Why Don’t We Use Chemical Weapons Anymore?

by Dale2 min read23rd Apr 20204 comments

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Armed conflictNuclear warfareInternational relations
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A detailed blog of potential interest to effective altruists, arguing that chemical (and biological) weapons are rejected by modern militiaries not because of any moral scruples but simply because they are not cost effective. If true, it has depressing implications for our ability to control future dangerous technologies.

Some quotes, but I recommend the whole thing:

Quite frankly, we don’t use chemical weapons for the same reason we don’t use war-zeppelin-bombers: they don’t work, at least within our modern tactical systems.
[T]he modern system relies on cover-and-concealment for survivability and maneuver in the offense
The modern system assumes that any real opponent can develop enough firepower to both obliterate any fixed defense (like a line of trenches) or to make direct approaches futile. So armies have to focus on concealment and cover to avoid overwhelming firepower (you can’t hit what you can’t see!); since concealment only works until you do something detectable (like firing), you need to be able move to new concealed positions rapidly.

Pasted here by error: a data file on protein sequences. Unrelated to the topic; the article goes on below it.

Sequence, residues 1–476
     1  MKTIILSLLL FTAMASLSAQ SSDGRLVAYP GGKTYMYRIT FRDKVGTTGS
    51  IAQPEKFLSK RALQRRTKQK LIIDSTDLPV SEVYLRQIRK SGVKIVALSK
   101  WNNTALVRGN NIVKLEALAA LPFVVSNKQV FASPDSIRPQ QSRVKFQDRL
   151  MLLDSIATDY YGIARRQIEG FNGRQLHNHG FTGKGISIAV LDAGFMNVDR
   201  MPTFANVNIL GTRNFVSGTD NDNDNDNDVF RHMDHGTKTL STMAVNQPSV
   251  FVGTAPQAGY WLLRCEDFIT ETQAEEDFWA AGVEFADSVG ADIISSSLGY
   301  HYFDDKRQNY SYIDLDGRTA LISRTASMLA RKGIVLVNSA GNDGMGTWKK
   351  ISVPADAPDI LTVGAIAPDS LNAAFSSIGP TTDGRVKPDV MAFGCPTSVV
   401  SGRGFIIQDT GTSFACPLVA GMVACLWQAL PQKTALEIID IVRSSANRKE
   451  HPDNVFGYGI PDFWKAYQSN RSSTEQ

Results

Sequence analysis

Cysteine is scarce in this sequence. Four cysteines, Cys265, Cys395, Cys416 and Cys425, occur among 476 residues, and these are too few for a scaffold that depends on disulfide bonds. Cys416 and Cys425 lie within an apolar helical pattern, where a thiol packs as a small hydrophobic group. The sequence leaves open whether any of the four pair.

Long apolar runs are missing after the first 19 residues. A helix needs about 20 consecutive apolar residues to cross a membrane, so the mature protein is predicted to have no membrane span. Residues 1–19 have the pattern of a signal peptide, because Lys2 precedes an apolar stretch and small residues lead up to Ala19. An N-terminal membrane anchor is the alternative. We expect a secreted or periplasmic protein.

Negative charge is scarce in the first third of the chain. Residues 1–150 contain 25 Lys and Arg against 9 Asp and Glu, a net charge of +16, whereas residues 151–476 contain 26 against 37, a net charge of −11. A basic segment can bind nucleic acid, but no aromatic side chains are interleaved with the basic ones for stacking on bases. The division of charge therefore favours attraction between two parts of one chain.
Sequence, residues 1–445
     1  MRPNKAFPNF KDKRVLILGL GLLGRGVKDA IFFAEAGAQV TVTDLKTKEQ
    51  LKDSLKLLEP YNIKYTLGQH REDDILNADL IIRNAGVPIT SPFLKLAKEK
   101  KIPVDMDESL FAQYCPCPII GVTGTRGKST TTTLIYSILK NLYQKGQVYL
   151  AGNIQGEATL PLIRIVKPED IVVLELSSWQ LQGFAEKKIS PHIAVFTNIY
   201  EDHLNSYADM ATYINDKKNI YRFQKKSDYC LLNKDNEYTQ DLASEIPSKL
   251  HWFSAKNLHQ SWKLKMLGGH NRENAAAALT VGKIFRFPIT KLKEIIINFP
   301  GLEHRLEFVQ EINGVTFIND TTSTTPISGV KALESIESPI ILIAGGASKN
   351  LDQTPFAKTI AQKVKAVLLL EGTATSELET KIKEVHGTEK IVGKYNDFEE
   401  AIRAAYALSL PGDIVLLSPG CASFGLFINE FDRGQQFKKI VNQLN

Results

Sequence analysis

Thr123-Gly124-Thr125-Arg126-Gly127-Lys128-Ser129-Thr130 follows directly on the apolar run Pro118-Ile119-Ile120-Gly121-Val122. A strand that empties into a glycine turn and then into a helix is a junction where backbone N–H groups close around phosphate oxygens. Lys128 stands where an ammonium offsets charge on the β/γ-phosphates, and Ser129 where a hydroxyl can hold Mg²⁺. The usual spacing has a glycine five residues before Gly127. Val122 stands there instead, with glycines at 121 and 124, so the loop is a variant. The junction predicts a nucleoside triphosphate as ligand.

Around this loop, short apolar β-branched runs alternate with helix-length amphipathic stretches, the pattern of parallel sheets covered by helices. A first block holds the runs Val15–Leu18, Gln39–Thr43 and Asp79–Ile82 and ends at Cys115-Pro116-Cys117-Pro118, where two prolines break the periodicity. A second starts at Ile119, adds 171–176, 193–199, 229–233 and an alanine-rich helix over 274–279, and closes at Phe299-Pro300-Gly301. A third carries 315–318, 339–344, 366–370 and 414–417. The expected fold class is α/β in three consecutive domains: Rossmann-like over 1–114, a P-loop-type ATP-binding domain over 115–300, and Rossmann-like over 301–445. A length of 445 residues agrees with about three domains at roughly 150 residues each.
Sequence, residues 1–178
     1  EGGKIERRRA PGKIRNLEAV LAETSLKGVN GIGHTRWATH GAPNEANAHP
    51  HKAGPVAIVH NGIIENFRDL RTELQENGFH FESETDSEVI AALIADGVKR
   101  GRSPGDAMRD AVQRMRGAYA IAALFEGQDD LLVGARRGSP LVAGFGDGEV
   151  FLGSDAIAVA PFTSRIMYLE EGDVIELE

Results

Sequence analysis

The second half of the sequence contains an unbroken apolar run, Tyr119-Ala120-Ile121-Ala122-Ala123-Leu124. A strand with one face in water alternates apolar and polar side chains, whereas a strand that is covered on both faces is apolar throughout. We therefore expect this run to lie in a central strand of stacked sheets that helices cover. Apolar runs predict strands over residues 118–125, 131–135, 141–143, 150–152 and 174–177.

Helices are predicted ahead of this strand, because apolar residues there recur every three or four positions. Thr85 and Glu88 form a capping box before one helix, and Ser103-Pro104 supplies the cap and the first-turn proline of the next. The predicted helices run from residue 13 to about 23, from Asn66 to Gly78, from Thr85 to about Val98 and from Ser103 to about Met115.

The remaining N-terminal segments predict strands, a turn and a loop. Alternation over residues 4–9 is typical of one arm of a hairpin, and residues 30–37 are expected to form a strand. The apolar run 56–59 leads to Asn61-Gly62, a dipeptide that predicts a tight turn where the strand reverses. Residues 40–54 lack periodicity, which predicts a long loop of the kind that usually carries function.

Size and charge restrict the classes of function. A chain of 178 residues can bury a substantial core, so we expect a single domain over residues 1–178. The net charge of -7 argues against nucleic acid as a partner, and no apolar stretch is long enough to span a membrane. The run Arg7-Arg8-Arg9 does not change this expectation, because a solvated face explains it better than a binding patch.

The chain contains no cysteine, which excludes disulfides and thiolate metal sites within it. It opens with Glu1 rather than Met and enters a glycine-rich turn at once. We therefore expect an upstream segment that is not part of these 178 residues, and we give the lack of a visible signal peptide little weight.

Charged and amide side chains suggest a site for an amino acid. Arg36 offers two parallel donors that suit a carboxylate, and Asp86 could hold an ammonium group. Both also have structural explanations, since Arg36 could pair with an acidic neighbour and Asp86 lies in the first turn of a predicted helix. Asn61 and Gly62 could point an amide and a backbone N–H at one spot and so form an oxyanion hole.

Put bluntly: the modern system has few, if any, uses for chemical weapons. Chemical weapons still work against a static-system, but the modern system is already more effective against a static-system in ways that, as we’ll discuss in a moment, chemical weapons cannot enhance.
[I]t is far easier to protect against chemical munitions than against an equivalent amount of high explosives
In order to produce mass casualties in battlefield conditions, a chemical attacker has to deploy tons – and I mean that word literally – of this stuff. Chemical weapons barrages in the first World War involved thousands and tens of thousands of shells – and still didn’t produce a high fatality rate (though the deaths that did occur were terrible). But once you are talking about producing tens of thousands of tons of this stuff and distributing it to front-line combat units in the event of a war, you have introduces all sorts of other problems. One of the biggest is shelf-life: most nerve gasses (which tend to have very high lethality) are not only very expensive to produce in quantity, they have very short shelf-lives. The other option is mustard gas – cheaper, with a long shelf-life, but required in vast quantities (during WWII, when just about every power stockpiled the stuff, the stockpiles were typically in the many tens of thousands of tons range, to give a sense of how much it was thought would be required – and then think about delivering those munitions).